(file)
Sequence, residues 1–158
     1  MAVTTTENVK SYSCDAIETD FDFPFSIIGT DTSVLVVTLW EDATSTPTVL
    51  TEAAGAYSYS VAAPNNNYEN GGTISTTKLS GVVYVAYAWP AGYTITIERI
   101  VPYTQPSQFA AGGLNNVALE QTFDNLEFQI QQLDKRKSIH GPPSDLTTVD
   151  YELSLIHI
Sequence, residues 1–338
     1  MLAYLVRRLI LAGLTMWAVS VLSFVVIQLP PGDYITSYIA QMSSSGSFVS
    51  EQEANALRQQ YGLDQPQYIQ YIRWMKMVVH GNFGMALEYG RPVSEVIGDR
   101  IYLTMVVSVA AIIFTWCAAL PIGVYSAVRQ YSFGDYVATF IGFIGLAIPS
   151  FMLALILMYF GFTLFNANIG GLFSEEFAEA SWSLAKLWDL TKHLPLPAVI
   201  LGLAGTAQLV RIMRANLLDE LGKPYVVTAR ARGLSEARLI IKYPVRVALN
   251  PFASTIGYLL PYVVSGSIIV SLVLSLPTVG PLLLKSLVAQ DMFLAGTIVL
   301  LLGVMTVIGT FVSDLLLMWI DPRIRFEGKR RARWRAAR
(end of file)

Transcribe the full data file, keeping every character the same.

Sequence, residues 1–158
     1  MAVTTTENVK SYSCDAIETD FDFPFSIIGT DTSVLVVTLW EDATSTPTVL
    51  TEAAGAYSYS VAAPNNNYEN GGTISTTKLS GVVYVAYAWP AGYTITIERI
   101  VPYTQPSQFA AGGLNNVALE QTFDNLEFQI QQLDKRKSIH GPPSDLTTVD
   151  YELSLIHI
Sequence, residues 1–338
     1  MLAYLVRRLI LAGLTMWAVS VLSFVVIQLP PGDYITSYIA QMSSSGSFVS
    51  EQEANALRQQ YGLDQPQYIQ YIRWMKMVVH GNFGMALEYG RPVSEVIGDR
   101  IYLTMVVSVA AIIFTWCAAL PIGVYSAVRQ YSFGDYVATF IGFIGLAIPS
   151  FMLALILMYF GFTLFNANIG GLFSEEFAEA SWSLAKLWDL TKHLPLPAVI
   201  LGLAGTAQLV RIMRANLLDE LGKPYVVTAR ARGLSEARLI IKYPVRVALN
   251  PFASTIGYLL PYVVSGSIIV SLVLSLPTVG PLLLKSLVAQ DMFLAGTIVL
   301  LLGVMTVIGT FVSDLLLMWI DPRIRFEGKR RARWRAAR